New York's Cooperative and Condominium Community

Habitat Magazine July/August 2020 free digital issue

HABITAT

ARCHIVE ARTICLE

Board Lives: Claudia Rosen, Board President

Claudia Rosen, Board President

 

The Co-op

Built 1928

LOCATION 710 West End Avenue

UNITS Originally 96 (currently 92 with combinations)

ELEVATORS 2 (plus service elevator)

DOORMAN 24-hour

WENT CO-OP October 1984

BOARD Seven members. She is currently serving her third consecutive year.

RECENT PROJECTS (CAPITAL)

Roof repairs; common areas redone; windows replaced to save energy.

 

BUILDING PROFESSIONALS

MANAGER
Blue Woods Management

ATTORNEY
Steven M. Goldman, Kurzman, Eisenberg, Corbin & Lever

ACCOUNTANT
Evan Unterlack,
Zeidman, Lackowitz, Prisand & Co.

 

PERSONAL STATS

AGE 41

JOB
Formerly a partner in a global consulting firm catering to the hospital and health industry

FAMILY
Living with partner of many years. No children, no pets. Three nieces live nearby.

FAVORITE EATERY
Taco truck, at corner of 96th Street and Broadway.

FAVORITE LEISURE-TIME ACTIVITY
Spending time with family.

RECENT BOOK SHE ENJOYED
To Kill a Mockingbird.

WHY SHE BOUGHT
“I was living in a co-op on 89th Street. I moved in here to be with my partner in 1991.”

 

WHY SHE RAN FOR OFFICE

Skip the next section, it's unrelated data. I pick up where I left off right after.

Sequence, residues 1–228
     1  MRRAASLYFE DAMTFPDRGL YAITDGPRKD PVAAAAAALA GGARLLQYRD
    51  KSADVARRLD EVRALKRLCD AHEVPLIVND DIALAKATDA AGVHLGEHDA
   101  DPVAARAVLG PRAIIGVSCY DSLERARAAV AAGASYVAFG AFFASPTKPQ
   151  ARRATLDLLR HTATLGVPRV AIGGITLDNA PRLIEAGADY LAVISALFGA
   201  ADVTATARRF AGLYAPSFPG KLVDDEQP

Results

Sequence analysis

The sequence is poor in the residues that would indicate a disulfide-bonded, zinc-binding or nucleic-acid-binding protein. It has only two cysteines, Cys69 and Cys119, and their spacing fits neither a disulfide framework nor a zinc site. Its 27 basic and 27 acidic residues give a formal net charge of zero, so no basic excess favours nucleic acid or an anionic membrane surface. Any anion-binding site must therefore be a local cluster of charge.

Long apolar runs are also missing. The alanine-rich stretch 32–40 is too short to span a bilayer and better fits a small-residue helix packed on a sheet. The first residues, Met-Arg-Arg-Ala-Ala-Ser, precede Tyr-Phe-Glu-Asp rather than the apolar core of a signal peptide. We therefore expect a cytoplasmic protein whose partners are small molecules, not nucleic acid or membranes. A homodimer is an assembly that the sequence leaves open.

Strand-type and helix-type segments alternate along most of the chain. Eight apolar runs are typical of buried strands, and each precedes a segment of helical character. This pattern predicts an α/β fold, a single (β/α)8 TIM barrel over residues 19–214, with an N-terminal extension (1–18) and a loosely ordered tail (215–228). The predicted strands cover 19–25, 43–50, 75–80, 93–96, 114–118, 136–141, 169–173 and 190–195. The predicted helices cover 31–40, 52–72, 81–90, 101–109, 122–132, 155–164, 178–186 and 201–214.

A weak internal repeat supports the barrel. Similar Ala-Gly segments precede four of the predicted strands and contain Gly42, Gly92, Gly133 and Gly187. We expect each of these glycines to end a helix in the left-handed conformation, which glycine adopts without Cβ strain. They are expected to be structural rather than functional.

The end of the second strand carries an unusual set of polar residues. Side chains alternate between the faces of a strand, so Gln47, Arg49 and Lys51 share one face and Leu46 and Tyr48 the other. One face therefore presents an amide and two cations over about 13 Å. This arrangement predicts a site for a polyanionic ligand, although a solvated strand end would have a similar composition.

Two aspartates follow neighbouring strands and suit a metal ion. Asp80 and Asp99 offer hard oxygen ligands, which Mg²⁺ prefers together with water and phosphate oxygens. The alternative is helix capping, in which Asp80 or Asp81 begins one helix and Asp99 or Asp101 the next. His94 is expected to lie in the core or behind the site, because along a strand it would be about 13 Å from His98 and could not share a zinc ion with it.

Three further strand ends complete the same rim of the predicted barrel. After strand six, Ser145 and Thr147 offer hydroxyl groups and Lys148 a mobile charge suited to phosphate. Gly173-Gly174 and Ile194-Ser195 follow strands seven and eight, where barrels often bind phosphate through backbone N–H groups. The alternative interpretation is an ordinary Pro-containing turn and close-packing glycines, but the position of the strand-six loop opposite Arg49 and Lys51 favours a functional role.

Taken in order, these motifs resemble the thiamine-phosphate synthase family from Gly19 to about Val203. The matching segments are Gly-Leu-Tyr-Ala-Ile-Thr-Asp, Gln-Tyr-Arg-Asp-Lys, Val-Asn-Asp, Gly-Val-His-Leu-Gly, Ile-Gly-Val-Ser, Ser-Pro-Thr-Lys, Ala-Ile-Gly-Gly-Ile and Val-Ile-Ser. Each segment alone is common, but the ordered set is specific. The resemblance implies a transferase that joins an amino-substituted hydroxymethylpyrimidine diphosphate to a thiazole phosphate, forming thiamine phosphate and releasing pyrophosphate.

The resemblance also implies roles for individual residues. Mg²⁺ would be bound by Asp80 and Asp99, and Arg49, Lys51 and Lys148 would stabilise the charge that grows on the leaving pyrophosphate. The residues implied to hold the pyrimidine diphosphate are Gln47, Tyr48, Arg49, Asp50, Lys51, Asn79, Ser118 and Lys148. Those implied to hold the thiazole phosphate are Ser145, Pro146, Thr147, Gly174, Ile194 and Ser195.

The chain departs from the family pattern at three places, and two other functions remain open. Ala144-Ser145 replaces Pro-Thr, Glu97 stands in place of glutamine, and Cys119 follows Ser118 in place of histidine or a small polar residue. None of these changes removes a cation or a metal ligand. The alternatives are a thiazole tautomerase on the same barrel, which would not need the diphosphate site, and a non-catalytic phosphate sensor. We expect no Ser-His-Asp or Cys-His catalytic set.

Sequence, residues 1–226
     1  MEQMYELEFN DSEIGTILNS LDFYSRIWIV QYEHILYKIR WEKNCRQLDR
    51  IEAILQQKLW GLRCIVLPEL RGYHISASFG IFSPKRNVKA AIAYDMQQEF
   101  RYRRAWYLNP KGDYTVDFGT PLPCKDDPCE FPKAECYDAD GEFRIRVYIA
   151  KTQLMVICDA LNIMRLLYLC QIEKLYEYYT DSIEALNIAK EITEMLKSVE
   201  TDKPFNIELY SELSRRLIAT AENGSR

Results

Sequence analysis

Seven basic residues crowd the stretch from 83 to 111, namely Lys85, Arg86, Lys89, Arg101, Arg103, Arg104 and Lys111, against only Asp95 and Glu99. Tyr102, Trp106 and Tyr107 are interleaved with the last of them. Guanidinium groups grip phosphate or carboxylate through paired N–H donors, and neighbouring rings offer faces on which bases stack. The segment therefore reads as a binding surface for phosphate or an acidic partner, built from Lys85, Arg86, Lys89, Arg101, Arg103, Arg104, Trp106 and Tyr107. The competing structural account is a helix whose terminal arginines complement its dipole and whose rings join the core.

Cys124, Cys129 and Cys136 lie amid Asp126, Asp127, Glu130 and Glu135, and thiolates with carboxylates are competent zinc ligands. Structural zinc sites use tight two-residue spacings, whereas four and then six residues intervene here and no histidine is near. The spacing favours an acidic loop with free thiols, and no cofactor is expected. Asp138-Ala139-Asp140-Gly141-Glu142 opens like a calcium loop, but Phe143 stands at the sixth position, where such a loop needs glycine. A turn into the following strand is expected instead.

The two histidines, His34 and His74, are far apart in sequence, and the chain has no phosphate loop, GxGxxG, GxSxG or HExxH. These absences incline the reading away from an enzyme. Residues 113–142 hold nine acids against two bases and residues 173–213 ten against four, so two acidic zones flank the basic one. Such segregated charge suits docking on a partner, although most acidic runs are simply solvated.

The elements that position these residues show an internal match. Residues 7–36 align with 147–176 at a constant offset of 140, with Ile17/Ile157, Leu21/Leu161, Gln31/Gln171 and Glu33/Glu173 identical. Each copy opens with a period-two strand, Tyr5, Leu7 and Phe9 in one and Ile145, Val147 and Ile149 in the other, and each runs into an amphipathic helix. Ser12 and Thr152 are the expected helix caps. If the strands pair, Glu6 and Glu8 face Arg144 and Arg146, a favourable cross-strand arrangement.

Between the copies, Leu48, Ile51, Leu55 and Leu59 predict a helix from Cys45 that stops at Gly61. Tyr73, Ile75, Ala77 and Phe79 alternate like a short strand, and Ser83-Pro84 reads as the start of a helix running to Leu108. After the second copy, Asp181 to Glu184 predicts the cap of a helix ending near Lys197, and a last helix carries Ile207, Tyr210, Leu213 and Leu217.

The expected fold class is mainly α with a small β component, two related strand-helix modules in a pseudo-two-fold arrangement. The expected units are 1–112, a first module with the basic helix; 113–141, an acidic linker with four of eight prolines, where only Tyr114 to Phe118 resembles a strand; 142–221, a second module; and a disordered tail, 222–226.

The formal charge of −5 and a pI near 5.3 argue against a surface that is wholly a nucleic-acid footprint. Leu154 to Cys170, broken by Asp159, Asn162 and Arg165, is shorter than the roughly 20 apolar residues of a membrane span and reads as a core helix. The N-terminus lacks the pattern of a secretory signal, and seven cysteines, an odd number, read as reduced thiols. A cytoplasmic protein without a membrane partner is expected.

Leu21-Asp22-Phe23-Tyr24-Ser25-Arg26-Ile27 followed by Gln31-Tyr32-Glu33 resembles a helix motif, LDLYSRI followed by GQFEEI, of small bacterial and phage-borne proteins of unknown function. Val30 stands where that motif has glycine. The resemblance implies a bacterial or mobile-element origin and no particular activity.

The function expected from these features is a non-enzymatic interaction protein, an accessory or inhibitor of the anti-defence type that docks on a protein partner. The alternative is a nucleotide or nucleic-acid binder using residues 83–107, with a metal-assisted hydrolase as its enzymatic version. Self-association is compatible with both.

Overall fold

“I was solicited by a neighbor who wanted to step down from the board to spend more time with their family and their job. I think it’s everybody’s obligation to serve on the board at some point, if they have the skills and the time. I felt it was my time; I had been in the building for five years or so.”

 

BIGGEST CHALLENGE
“Brokering the tension between people who had lived in this building for many years and people who had moved in more recently. There is some tension over capital expenditures, over increasing maintenance, over some projects.”

 

BIGGEST DISAPPOINTMENT
“The suspension of the NYSERDA [New York State Energy Research and Development Authority] program in July. We spent a lot of time doing the preliminary work [in applying for an energy-saving grant].”

 

GREATEST HOPE
“That the building remains extremely well-run and fiscally prudent. [This] is the single largest investment that most of us have, so I hope to continue to lead it with my fellow board members in a way that maintains its viability while continually improving it as a place to live.”

 

ADVICE TO OTHERS, LESSONS LEARNED
“Anybody who thinks they can get on a board and immediately make significant change should probably temper their expectations in terms of time frame.”

 

ADVICE TO HERSELF
“In my first term, I took a lot of what I heard at face value. I deferred a lot to board members who had more experience. I have learned a lot and that helps me lead a discussion better and help work with the board to make better decisions.”

 

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